I want to write about the sociology of procrastination… perhaps tomorrow.
Joke aside, here are a few useful resources for those procrastinators among our readers who would like to acquire some robust theoretical and empirical knowledge about this fascinating phenomenon. Social psychology tends to see procrastination as ‘self-handicapping’, e.g.:
Lay, C. H., Knish, S., & Zanatta, R. Self-handicappers and procrastinators: A comparison of their practice behavior prior to an evaluation. Journal of research in personality. 1992. 26, 242-257.
Ferrari, J. R. Self handicapping by procrastinators: Protecting self-esteem, social esteem, or both? Journal of Research in Personality. 1991. 25, 245-261.
It is also typically linked with neuroticism and personality traits:
Haycock, L. A., McCarty, P. & Skay, C. L. (1998). Procrastination in college students: The role of self-efficacy and anxiety. Journal of Counseling Development, 76, 317-324.
Hess, B., Sherman, M. F., & Goodman, M. (2000). Eveningness predicts academic procrastination: The mediating role of neuroticism. Journal of Social Behavior & Personality, 15(5), 61-74.
Johnson, J. L. & Bloom, A. M. An analysis of the contribution of the five factors of personality to variance in academic procrastination. Personality and Individual Differences. 1995. 18 (1), 127-133.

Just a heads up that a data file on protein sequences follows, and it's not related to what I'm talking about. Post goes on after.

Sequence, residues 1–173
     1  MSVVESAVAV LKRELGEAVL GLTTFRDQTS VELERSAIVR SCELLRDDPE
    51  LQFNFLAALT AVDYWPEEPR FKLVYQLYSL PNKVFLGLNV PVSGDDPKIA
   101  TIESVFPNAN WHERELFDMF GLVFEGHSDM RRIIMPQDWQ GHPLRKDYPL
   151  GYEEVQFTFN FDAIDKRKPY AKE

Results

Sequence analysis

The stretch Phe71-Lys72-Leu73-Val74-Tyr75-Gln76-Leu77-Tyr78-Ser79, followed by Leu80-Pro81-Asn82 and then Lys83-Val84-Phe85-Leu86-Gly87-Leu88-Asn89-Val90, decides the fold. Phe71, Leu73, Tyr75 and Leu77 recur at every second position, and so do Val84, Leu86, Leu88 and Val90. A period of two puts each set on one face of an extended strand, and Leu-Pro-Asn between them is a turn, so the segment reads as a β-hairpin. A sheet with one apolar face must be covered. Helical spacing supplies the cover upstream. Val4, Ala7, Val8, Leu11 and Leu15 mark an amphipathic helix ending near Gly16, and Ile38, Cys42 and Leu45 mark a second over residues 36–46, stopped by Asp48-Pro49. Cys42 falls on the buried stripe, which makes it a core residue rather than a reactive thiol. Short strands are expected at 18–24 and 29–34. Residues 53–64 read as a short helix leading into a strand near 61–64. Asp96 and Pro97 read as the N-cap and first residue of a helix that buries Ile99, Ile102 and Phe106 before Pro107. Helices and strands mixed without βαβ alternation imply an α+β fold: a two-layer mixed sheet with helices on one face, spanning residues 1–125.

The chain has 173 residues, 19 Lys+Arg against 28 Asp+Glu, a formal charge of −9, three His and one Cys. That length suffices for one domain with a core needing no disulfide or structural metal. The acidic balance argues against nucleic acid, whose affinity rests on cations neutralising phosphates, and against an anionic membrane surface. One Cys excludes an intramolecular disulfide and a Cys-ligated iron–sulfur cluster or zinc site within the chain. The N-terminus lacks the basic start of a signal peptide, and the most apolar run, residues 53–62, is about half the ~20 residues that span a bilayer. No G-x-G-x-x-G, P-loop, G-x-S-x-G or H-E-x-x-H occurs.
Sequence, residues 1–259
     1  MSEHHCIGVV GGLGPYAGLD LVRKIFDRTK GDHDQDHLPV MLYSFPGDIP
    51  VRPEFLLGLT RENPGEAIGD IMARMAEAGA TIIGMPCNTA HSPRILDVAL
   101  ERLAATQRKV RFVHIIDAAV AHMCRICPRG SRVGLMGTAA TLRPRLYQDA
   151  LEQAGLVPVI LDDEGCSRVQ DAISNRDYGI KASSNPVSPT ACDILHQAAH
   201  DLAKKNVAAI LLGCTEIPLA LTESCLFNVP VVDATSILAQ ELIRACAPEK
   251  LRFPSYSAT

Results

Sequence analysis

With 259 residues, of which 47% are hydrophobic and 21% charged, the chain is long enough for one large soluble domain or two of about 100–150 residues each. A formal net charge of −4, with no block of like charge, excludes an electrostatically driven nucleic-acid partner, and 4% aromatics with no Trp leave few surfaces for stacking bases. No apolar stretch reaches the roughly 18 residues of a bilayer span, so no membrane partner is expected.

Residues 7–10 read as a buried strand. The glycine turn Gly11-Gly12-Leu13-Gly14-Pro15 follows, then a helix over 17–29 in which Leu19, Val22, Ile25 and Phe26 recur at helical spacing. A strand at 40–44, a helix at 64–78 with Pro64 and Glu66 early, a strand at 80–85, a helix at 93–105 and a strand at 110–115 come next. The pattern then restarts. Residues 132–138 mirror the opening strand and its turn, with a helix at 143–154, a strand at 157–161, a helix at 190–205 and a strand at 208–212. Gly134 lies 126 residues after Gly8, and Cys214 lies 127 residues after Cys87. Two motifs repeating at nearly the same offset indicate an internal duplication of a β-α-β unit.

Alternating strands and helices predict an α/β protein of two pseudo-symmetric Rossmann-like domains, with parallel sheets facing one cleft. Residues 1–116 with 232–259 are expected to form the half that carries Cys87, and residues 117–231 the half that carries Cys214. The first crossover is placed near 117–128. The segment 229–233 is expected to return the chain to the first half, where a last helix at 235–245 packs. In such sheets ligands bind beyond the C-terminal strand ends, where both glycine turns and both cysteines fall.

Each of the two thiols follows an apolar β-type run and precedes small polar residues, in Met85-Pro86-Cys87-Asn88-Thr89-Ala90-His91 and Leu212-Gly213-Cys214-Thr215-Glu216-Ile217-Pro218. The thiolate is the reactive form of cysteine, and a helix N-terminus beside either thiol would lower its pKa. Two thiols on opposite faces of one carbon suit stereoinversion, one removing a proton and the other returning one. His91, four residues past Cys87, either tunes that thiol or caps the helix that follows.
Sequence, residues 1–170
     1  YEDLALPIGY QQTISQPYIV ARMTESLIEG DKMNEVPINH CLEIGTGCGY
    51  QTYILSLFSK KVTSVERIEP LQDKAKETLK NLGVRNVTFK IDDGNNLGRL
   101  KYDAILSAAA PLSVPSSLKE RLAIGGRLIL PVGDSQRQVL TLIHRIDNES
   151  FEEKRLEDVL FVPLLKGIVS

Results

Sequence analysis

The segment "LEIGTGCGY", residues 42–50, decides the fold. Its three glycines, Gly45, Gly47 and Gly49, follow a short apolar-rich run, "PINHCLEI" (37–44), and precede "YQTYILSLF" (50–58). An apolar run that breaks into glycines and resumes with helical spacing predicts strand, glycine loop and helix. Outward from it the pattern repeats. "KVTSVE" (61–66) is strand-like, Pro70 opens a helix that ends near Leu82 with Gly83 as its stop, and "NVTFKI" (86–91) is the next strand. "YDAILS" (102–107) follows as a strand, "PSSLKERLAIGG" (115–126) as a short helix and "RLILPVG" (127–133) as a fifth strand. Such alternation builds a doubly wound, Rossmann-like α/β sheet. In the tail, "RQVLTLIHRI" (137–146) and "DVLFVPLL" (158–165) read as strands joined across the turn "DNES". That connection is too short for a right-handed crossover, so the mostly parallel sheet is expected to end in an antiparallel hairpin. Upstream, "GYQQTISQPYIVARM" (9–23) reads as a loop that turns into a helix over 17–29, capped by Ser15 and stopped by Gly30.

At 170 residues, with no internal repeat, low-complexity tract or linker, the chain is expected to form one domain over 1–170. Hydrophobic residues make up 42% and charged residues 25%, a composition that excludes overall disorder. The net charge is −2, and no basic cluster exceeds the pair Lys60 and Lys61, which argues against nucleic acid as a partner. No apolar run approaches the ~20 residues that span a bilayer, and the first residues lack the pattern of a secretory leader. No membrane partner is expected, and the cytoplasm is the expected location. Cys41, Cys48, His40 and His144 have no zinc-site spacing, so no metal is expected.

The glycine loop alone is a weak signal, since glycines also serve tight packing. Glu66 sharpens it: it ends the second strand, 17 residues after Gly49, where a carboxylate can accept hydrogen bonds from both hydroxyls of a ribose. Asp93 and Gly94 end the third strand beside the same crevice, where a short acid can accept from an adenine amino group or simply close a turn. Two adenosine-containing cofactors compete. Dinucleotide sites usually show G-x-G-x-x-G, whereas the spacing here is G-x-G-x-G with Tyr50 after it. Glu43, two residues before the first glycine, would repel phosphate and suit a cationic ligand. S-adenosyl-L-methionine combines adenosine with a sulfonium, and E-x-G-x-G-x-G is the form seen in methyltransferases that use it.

Bulge Uzun Özer’s short paper A Cross Sectional Study on Procrastination: Who Procrastinate More? (from which we took many useful references for this post) provides some interesting recent descriptive statistics on academic procrastination. It presents the results from a quantitative study of 447 students (247 female, 200 male) enrolled in public high schools and universities in Turkey’s capital Ankara.
The Psychology Today website offers ten useful psychological and psychosocial tips.
This website devoted to time management strategies offers a brief but good anti-procrastination guide and answers some questions about procrastination. It also gives some interesting statistics (not all referenced, alas).
This 2004 paper by Anthony J. Onwuegbuzie from the Department of Educational Measurement and Research, College of Education, University of South Florida provides some fascinating data on one particular type of procrastination: the one caused by statistics anxiety! (click on link to get the PDF)
Four years ago, Nathan Yau, who at the time was a UCLA PhD candidate in statistics with a focus in data visualization, started a self-experiment to stop procrastinating. He tried various techniques about which you can read here…sadly, he never published any more reports. The experiment was either successful – Nathan got on with his PhD research – or not…
But my favourite of all these sources is a very short essay called ‘Structured procrastination’ by writer John Perry. As often happens, without being a sociologist, Perry analyses the problem in a compelling, logical, and readable way, while also providing a humorous but viable solution. Perry’s approach (sometimes) works for me. Try it – today!
Categories: Higher Education